I’m not saying that Kristof is plagiarizing me. Let’s be honest: I’d be freaking psyched if a NY Times columnist stole my words. I’m just saying that if you want to know what the Times is going to say a fortnight hence, read Thoughtbasket now.

Health Care is a Moral Issue

T.R. Reid, author of “The Healing of America: A Global Quest for Better, Cheaper, and Fairer Healthcare,” recently wrote an article for Newsweek comparing the American health care system to the systems in other developed countries. The subtitle of the article is “To judge the content of a nation’s character, look no further than its health-care system,” and you can imagine where it goes from there. Reid notes that the U.S. is the only developed country that does not provide universal health care, and he quotes the facts that result: 22,000 Americans die per year because they can’t afford a doctor, and 700,000 Americans go bankrupt each year due to medical bills.

Reid compares this to Europe, where they approach health care with an emphasis on equality, on providing service to everyone. Here are some key quotes from Europeans regarding their view on health care:

  • A French physician: “But when we get sick – then, yes: everybody is equal.”
  • A former president of Switzerland: “Because it is a profound need for people to be sure, if they are struck by the stroke of destiny, they can have a good health system.”
  • A Swedish health minister: “The formula is so simple: health care for everybody, paid for by everybody.”
  • The Czech constitution: “health care for all.”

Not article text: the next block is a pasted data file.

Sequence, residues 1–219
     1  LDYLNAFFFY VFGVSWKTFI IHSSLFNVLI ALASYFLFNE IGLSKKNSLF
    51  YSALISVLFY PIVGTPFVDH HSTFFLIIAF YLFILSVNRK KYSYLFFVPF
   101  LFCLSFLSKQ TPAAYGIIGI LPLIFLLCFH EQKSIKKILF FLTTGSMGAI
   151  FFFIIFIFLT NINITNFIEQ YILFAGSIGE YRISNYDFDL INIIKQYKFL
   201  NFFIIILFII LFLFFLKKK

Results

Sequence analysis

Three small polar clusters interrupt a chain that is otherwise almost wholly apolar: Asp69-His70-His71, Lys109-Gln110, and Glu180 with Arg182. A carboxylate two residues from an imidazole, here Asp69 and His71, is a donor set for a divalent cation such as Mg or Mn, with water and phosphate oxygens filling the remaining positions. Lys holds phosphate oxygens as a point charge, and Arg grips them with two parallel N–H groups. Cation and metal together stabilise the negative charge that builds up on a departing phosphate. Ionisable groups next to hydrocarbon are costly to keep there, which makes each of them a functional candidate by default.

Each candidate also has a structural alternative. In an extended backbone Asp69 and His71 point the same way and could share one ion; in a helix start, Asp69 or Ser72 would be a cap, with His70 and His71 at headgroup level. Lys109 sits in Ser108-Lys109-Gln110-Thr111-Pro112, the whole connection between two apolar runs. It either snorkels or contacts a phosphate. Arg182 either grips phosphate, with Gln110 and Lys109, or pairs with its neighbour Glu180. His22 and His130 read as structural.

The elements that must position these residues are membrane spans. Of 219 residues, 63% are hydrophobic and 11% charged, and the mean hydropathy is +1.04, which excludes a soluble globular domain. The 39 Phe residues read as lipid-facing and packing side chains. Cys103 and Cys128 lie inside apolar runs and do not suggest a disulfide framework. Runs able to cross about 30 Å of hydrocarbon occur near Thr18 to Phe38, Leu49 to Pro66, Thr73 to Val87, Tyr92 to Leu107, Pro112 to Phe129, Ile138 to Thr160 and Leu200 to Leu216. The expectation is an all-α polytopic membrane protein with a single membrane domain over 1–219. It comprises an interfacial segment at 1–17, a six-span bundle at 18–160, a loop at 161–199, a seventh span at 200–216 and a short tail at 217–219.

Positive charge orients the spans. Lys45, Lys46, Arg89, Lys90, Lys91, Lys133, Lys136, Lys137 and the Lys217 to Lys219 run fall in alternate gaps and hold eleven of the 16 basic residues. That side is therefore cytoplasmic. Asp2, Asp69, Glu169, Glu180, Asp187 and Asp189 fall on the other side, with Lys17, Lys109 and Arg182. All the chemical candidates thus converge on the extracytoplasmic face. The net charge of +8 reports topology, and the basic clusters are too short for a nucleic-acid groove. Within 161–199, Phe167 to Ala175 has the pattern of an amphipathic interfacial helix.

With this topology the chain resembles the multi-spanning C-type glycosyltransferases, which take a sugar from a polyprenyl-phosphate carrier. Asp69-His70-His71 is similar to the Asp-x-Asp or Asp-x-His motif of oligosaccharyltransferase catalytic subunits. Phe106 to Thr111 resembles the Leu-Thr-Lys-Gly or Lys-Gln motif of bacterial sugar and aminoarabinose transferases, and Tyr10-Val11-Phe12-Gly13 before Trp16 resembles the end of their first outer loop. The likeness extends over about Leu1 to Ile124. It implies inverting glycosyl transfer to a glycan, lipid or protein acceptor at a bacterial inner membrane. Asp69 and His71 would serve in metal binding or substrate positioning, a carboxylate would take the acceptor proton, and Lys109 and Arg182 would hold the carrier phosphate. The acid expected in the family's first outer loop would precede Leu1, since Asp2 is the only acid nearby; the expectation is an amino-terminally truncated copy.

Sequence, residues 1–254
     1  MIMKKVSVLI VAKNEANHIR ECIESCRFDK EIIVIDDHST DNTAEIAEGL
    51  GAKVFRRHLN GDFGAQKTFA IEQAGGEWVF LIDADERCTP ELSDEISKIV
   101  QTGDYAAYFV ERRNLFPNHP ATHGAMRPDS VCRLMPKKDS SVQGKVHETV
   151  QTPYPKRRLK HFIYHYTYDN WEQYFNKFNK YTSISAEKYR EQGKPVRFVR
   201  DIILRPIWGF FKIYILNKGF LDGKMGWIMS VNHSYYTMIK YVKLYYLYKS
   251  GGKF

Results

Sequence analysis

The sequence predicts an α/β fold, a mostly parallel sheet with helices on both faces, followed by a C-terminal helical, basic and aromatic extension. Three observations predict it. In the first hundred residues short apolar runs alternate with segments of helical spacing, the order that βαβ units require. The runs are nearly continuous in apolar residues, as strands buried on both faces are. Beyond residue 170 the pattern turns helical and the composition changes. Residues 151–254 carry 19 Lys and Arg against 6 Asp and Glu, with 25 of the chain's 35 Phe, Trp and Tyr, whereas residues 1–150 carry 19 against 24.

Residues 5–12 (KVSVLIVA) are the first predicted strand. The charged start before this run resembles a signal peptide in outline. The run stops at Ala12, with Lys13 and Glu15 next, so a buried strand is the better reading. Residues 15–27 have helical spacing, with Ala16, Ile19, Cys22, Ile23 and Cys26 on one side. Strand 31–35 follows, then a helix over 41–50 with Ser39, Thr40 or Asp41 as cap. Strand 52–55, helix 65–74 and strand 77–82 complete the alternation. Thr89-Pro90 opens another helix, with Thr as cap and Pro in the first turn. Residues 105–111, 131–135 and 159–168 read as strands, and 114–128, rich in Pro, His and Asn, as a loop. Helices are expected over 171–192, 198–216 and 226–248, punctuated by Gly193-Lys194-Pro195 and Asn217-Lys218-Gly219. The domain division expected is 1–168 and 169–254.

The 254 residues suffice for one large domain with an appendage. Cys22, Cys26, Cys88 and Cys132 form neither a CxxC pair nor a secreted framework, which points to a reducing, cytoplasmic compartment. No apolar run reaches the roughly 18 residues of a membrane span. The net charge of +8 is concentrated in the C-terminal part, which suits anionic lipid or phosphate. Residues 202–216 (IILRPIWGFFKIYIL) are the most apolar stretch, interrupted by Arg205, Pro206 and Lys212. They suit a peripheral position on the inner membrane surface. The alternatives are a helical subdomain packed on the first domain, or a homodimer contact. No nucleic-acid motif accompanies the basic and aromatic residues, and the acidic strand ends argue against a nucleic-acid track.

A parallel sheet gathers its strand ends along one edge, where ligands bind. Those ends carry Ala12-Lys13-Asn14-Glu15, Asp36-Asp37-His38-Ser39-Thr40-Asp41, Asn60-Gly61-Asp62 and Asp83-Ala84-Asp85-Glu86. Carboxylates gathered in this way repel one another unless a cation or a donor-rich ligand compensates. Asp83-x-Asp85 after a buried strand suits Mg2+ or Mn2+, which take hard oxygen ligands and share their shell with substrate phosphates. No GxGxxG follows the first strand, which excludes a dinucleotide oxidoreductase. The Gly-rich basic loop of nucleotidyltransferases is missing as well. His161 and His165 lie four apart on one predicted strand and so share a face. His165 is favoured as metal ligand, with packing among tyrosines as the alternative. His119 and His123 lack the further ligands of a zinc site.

Reid sums it up: “The principle seems so obvious to people in Europe, Canada and the East Asian democracies that health officials asked me over and over to explain why it isn’t obvious to Americans as well.”

In America, on the other hand, we approach health care with an emphasis on freedom of choice, particularly during this summer of health care debates. But it’s not true freedom, since those without insurance are, in fact, denied any choice at all.

Reid again: “In the U.S., in contrast, some people have access to just about everything doctors and hospitals can provide. But others can’t even get in the door (until they are sick enough to need emergency care). That amounts to rationing care by wealth. This seems natural to Americans; to the rest of the developed world, it looks immoral.”

Republicans this summer tried to frame the issue as industrious workers supporting the lazy unemployed and uninsured, but that’s a canard. This frame ignores reality. To look at reality, take two factory workers: one is employed by GM, and has thus insurance, and the other is employed by a small local factory which doesn’t provide insurance. They are equally industrious, equally hard working, but the one without insurance is more likely to skip his doctors visits and – statistically speaking – more likely to die. Or take Nikki White, who was industrious and employed, until she became too sick with lupus to work, thus lost her insurance, was unable to afford the care she needed, and soon died.

The issue is not one of who works hard. The issue is whether we, as a society, want to let the people who randomly get sick (or randomly don’t have insurance) go bankrupt or die, simply because of their random bad luck. As Reid notes, this is a moral issue, and I don’t believe that American morals have decayed this far. We are better than this. We live in America, the greatest and richest country in the world. This country was founded on the premise that “all men are created equal,” remember? Not “all healthy men” or “all wealthy men.” Do we really want to live in a country that allows people to die purely because of their financial situation? I don’t think we do.

FYI, here is a New Republic article on the moral dimension of health care.